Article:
New Project, Riffusion, Applies AI Image Generation Technology To Music, Makes Disturbing Sample Fodder


By now, most readers will be aware of recent innovations in the area of image generation with artificial intelligence (AI).

With tools like Stable Diffusion, you can generate original images by supplying text prompts, like “photograph of an astronaut riding a horse”, as shown in the upper right image.

Stable Diffusion does this by starting with random noise, and comparing the random image to an index of images that match the prompt text. The application chooses the image that has qualities closest to the images in its index that match or are close to the prompt text, and then it repeats this process. With each iteration, the image’s qualities get closer and closer to images with the desired tags or text prompt.

This artificial intelligence – so the program is not intentionally drawing a picture of an astronaut on a horse – it’s generating an image with qualities that are similar to the qualities of images that it’s indexed for ‘astronaut’ and ‘horse’.

This is an important difference, and helps explain why these AI images can be amazing, but are very likely to have some weirdness to them.

Did you notice that the horse only has three legs?

Riffusion is a new project that builds on the success of recent AI image generation work, but applies it to sound.

The way Riffusion works is by first building an indexed collection of spectrograms, each tagged with keywords that represent the style of music captured in the spectrogram.

Once it is trained on this body of spectrograms, the model can use the same approach as Stable Diffusion, interating on noise to get to a sonogram image that has similar qualities to sonograms that match your text prompts.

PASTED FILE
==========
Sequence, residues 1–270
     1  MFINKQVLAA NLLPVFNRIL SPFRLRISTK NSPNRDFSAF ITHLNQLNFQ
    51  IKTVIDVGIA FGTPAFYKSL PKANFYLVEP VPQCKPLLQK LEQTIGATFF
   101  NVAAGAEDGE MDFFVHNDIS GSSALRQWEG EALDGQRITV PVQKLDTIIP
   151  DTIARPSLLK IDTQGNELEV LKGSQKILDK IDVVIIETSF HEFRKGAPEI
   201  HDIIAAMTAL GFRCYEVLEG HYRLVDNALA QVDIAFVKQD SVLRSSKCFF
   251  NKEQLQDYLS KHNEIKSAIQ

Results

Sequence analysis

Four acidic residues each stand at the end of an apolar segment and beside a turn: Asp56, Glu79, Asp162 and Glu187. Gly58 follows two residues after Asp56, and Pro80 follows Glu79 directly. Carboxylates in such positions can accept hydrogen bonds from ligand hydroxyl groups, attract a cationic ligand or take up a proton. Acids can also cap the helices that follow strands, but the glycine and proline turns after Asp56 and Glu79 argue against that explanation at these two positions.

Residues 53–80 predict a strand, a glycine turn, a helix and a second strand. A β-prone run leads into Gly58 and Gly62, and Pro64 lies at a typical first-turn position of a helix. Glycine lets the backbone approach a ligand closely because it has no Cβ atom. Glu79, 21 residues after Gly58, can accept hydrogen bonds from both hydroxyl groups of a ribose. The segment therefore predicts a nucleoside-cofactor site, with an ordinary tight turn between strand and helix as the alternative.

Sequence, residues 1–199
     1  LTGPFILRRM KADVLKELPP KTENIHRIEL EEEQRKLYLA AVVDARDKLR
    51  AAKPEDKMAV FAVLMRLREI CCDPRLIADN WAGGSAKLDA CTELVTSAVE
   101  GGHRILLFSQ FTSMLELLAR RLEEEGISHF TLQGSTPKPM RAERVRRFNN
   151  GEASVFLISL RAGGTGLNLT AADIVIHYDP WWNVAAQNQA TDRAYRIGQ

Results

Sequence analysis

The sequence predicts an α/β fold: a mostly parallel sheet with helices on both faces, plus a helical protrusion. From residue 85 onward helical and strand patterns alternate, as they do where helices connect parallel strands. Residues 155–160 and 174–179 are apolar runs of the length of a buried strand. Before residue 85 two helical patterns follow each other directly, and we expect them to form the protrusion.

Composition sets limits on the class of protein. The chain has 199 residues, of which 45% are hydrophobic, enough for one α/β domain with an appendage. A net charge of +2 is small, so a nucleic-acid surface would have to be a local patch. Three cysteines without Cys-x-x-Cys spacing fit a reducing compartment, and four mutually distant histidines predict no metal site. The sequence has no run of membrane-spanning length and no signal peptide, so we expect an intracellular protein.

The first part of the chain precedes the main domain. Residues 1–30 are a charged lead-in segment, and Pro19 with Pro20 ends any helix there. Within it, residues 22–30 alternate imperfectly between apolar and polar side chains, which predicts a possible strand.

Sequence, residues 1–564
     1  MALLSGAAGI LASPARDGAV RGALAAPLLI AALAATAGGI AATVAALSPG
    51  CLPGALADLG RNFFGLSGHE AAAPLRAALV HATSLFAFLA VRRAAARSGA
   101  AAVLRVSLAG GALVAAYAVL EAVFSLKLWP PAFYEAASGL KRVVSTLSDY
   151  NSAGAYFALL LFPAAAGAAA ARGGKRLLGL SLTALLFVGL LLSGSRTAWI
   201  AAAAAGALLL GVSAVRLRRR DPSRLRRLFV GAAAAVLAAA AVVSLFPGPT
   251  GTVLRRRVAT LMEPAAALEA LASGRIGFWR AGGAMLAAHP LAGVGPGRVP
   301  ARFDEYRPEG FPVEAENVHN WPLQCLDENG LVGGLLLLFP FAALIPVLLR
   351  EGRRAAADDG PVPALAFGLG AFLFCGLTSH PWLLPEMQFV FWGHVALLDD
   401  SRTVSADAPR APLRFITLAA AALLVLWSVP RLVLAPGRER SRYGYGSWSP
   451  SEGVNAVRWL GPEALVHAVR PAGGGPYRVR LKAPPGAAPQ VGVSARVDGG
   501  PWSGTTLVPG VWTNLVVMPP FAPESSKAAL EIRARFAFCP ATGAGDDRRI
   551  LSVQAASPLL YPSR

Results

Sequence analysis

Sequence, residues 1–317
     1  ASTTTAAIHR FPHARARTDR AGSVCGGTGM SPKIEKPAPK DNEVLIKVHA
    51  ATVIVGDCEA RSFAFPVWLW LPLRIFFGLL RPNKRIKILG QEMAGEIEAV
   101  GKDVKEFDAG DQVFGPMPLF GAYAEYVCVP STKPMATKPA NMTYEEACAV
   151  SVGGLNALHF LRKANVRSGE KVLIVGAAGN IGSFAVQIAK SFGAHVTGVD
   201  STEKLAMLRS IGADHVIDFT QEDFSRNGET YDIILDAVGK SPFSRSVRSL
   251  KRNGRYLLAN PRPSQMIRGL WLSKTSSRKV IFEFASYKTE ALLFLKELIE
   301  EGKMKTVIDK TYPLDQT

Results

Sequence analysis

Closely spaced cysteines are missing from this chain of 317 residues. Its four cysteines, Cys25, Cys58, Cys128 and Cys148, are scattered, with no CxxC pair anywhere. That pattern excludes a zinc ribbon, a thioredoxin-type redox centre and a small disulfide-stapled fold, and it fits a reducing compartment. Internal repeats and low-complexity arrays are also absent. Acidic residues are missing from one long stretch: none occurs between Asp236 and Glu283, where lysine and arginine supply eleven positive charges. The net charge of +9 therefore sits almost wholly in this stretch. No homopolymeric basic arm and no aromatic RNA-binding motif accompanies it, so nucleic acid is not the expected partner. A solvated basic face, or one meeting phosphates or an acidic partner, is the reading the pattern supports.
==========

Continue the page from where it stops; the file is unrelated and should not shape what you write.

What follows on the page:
If you ask for ‘swing jazz trumpet’, it will generate a sonogram that is similar to sonograms that closely match your prompt. The application then converts the sonogram to audio, so you can listen to the result.

The results are currently crude, but demonstrate that the process does result in original audio that matches the text prompts. But the process is limited by a small index of spectrograms, compared to the 2.3 billion images used to train Stable Diffusion. And it’s limited by the resolution of the spectrograms, which give the resulting audio a lofi quality.

It’s unlikely that this process will result in AI generating anything conventionally musical in the near future, because the process does not account for form, the idea that music is sound, intentionally organized in time to create an artistic effect.

The approach shows potential, though. It’s currently up to the task of generating disturbing sample fodder – similar to the way AI image generation, even 6 months ago, was limited to generating lofi creepy images. This suggests that – with a much larger index, and higher resolution spectrograms – it’s likely that AI audio generation could make similar leaps in quality in the next year.

What do you think? Is there a future in music for AI directly synthesizing audio? Share your thoughts in the comments!

via John Lehmkuhl


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